You don’t need to be sitting cross-legged on a yoga mat in front of an altar to practice mindfulness. You can do it right now! While you’re writing, in fact.
Right! And here’s a few examples how:
Focus wholly on your work.
Zen master, peace activist, and teacher of mindfulness Thich Nhat Hanh says, “There is no reason why mindfulness should be different from focusing all one’s attention on one’s work, to be alert and to be using one’s best judgment.” He goes on to say that a “calm heart and self-control” are required if we want to do our best work.
Practising mindfulness means focusing one’s full awareness on the task at hand. This also applies to work. Limit distractions by turning off your phone or blocking your social network sites. Set aside a period of time for working, and only focus on work for that period.
Recognise your urges
When you’re working on a first draft, it can be so tempting to go back and change what you’ve written. You feel a burning in your chest, a frustration. It can be so easy to scroll back a few pages and beginning editing; Your craving to get it right can eat up your valuable writing time, as well as make you feel like your story is never progressing.
Rather than feed that feeling – or ignore it completely – the next time that urge arises, you can pull your hands away from the keyboard. Don’t check your phone. Don’t distract yourself. Recognise how that frustration feels physically – let the wave pass. Do this enough times and before long, you’ll be able to overcome the urge to self-criticise without having to re-write all those pages!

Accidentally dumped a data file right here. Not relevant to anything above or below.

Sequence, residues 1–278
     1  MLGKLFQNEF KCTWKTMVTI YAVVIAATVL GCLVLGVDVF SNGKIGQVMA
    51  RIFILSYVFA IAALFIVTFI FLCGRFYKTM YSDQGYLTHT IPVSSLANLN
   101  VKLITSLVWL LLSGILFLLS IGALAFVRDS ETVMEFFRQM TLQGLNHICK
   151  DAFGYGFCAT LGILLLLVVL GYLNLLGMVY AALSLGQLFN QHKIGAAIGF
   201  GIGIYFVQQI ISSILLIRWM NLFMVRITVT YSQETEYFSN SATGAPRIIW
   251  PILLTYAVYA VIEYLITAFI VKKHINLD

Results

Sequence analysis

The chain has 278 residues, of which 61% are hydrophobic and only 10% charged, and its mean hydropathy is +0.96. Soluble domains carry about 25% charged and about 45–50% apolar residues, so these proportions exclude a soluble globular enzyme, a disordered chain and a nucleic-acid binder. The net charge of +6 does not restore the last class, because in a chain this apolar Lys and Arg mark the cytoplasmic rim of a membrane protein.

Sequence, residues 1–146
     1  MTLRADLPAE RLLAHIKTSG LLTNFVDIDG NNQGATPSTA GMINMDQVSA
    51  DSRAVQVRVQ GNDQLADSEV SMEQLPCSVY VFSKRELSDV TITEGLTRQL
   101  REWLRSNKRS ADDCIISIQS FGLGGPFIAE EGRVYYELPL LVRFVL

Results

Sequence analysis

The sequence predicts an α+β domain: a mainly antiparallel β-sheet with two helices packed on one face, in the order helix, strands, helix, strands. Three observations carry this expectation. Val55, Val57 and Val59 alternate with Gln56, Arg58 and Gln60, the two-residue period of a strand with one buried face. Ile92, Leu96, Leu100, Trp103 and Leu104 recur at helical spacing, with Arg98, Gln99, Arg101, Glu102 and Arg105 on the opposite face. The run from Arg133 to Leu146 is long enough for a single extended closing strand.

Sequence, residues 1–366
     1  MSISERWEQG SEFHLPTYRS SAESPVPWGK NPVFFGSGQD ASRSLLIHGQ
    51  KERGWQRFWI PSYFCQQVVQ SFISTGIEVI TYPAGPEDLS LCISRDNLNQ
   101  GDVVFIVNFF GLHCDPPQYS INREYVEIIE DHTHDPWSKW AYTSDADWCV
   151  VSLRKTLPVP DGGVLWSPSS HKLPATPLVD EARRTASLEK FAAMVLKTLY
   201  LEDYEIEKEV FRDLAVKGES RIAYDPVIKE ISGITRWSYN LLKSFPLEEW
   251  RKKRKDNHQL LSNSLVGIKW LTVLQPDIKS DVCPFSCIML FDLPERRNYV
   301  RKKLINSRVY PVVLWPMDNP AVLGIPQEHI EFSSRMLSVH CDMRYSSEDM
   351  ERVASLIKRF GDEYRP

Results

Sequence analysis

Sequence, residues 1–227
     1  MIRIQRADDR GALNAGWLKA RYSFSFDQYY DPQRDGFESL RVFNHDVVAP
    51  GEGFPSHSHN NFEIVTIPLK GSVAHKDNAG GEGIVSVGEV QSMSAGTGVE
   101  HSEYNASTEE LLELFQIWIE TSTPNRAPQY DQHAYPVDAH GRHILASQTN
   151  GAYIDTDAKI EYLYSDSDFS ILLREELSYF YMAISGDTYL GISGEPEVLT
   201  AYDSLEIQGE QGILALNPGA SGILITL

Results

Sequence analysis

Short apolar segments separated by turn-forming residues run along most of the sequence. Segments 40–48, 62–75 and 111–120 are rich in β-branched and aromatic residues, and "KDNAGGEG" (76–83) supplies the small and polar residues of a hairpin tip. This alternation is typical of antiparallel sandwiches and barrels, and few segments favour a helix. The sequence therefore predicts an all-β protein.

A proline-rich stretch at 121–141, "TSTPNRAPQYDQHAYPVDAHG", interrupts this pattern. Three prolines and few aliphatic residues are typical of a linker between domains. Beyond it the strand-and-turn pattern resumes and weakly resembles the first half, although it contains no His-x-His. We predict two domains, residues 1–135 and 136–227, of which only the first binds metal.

Mastering your breath will take a lot of practice, but you can start right now at your desk. First, pay attention to your breathing.
Breathe in long and deep through your nose. Allow the breath to fill your lungs first, then your diaphragm. Your chest should rise first, then your stomach, then your chest again. Then exhale the breath as slowly as you inhaled it.
Re-direct your thoughts.
Our writer minds have a habit of wandering. Rather than focusing on the story at hand, we choose to direct our mental attention onto the next novel, the next blog post, the next tweet. Soon enough, you’ve spent two hours daydreaming instead of writing!
And this is okay: creative minds are supposed to wander. But the next time you feel your thoughts getting off track, gently pull them back to the present moment. I personally take out a piece of paper and write the wandering thought as a small bullet point. That way, you can address the thought and move on, re-directing your thoughts to the task at hand. Once your writing session is over, you can check that list to see what you can do next.